I don't know if cashback vouchers to a supermarket could be treated as an expense for tax purposes or not. I imagine cashback incentives are, especially if they are contractual. But if they are contractual, the mortgage company should be told about them and then it accomplishes nothing.

    Personally, if I were running a charity rental (that's what this is, even if not in the legal form of a charity), I'd want to keep the debt on it below 50%. I'm quite happy to be generous but not to create significant financial risk doing so. But you've not told us why you want the cash, and the amount and reasons are your own business.

    When you say the rent will cover the interest on the loan, you are remembering that the rent is taxable and the interest is not deductible, right? So for the rent to cover the interest, you have to be thinking about the rent after tax has been deducted. If you are going to be operating inside IR35 post-April, that means higher rate band tax, presumably.

  6. #16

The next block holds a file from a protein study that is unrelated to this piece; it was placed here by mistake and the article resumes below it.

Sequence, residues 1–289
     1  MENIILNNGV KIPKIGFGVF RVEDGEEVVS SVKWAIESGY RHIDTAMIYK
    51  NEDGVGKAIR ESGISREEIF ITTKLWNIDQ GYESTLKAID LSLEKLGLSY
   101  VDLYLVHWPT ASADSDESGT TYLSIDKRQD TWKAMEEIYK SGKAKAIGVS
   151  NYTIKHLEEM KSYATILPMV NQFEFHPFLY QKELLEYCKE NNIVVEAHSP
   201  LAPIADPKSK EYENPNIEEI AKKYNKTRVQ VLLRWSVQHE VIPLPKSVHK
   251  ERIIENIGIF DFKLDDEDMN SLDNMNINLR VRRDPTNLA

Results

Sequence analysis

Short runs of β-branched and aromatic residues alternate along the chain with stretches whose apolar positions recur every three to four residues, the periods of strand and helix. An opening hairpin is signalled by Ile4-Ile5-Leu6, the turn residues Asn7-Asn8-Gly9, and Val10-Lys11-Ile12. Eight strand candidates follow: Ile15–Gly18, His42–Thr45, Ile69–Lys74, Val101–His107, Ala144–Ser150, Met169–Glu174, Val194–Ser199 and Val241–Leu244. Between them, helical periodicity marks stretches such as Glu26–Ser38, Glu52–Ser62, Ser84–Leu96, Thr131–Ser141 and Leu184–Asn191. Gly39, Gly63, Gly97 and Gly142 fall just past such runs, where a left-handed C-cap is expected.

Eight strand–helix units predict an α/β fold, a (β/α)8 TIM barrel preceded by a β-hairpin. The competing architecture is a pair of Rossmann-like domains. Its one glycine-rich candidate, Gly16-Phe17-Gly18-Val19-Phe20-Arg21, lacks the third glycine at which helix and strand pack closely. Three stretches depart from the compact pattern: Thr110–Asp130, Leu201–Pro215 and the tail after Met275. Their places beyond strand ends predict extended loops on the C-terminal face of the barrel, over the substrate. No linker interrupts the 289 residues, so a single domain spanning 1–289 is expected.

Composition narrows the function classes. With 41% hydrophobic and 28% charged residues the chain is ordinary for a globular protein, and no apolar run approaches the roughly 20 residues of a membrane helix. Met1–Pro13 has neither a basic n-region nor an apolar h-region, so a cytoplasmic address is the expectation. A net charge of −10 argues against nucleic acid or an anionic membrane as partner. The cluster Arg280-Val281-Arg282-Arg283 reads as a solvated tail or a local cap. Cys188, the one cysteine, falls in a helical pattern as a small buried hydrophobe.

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    Quote Originally Posted by WordIsBond View Post
    Sign a new lease at £350 / month for twelve months. If your renters can't afford that, tell them you'll subsidise it and personally hand them £100 / month cash for twelve months. Take out your mortgage. When the lease expires, agree on a new one with your renters at mutually agreeable terms. Perhaps it will be £250 / month.

    Don't agree the future now, though, that could be considered obtaining the mortgage fraudulently. If you reduce the rent later and then default, the mortgage company will allege fraud. You might consider it better to pay down the mortgage some before reducing the rent.

    I don't know if cashback vouchers to a supermarket could be treated as an expense for tax purposes or not. I imagine cashback incentives are, especially if they are contractual. But if they are contractual, the mortgage company should be told about them and then it accomplishes nothing.

    Personally, if I were running a charity rental (that's what this is, even if not in the legal form of a charity), I'd want to keep the debt on it below 50%. I'm quite happy to be generous but not to create significant financial risk doing so. But you've not told us why you want the cash, and the amount and reasons are your own business.